New bid to reduce A&E waits

A DEDICATED “squad” could be set up at a Suffolk hospital to move on patients who have spent too long in accident and emergency, it emerged last night.

Will Clarke

A DEDICATED “squad” could be set up at a Suffolk hospital to move on patients who have spent too long in accident and emergency, it emerged last night.

West Suffolk Hospital in Bury St Edmunds missed it's A&E waiting time targets last year because too many patients were awaiting treatment more than four hours.

As a result, the hospital has drawn up an action plan to bring treatment waiting times down at its emergency unit.

One option being looked at by health chiefs is the formation of what it calls a “bed squad” to help clear accident and emergency of patients once they are treated.

The team's role, according to the hospital, would be to “facilitate transfer of patients to (the) discharge lounge” and would include porters and doctors.

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The Government-set target for emergency unit turnover was 98% within four hours. West Suffolk Hospital last year achieved 96.95%.

Gwen Nuttall, the hospital's chief operating officer, said: “The trust is constantly reviewing its systems and processes to improve patient care and a detailed plan outlining a range of measures has been drawn up.

“The plan includes appointments of new clinical staff, such as consultants and junior doctors, and allocating extra portering resources to help transfer patients from the emergency unit into the main hospital.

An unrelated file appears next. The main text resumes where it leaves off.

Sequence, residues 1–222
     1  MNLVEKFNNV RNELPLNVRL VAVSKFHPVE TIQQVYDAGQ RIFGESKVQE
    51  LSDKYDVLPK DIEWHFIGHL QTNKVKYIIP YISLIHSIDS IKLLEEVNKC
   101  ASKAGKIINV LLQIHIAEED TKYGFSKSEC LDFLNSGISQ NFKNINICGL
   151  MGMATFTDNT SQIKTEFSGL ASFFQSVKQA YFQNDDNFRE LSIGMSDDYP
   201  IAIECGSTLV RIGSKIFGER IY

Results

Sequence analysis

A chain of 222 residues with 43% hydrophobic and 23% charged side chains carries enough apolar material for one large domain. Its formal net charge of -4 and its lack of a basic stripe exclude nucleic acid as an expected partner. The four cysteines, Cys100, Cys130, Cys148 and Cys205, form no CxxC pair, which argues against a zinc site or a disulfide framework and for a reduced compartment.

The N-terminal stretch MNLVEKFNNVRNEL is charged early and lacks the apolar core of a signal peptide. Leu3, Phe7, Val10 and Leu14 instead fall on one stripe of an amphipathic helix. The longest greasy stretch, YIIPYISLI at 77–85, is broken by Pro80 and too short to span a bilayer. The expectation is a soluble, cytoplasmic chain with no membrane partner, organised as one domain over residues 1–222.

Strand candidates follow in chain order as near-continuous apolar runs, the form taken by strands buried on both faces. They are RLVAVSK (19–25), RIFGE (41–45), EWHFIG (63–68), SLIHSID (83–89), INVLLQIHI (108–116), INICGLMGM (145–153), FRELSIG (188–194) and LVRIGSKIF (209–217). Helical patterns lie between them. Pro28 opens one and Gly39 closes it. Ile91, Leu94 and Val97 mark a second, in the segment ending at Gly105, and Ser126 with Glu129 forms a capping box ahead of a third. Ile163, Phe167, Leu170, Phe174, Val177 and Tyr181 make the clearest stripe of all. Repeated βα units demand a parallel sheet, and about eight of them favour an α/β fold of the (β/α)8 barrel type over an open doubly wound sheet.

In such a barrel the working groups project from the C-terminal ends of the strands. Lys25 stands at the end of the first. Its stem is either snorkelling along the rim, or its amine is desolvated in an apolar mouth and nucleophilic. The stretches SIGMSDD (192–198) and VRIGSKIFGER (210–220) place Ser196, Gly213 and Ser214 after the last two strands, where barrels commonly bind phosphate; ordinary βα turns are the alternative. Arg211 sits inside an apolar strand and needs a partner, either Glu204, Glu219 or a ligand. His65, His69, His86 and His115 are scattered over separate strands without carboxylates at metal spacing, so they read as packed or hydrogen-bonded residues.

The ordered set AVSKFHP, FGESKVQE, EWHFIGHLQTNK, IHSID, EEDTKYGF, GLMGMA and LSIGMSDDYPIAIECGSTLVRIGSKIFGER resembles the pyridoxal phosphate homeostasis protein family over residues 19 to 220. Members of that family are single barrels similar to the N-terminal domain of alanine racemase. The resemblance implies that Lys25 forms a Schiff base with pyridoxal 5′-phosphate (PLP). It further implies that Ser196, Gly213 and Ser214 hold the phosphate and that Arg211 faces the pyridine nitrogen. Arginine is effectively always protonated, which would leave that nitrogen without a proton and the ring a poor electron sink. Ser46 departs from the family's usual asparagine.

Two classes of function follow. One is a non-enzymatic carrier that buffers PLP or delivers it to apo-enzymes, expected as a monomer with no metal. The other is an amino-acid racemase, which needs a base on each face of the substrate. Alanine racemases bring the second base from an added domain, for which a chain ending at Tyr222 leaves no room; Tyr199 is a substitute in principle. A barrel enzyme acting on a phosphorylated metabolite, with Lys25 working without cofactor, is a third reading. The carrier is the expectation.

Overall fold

“The Trust is also involved with external agencies such as social services, the ambulance trust and the Primary Care Trust to work on joint planning to improve care for patients.

“The Trust met all of its other care targets during 2007/ 08 which means that patients are getting better and faster treatment than ever before at West Suffolk Hospital.”

Bringing down the emergency waiting time is now a top priority at the hospital.

In his report to the hospital's board, chief executive Chris Bown said the coming year would be “challenging” and he praised “significant improvements” completed during 2007/08.

He said: “The trust delivered all core national targets with the exception of the maximum waiting time of 98% of patients attending the emergency unit being admitted, transferred or discharged within four hours.

“The trust under-achieved this target with a year end position of 96.95%. An action plan was agreed by the board to ensure that immediate improvements were achieved.”

Other measures being looked into to bring down waits for emergency treatment include recruiting additional doctors, changing the way ambulances deliver patients to the hospital and improve the existing triage system, in which the needs of patients are ranked according to need.

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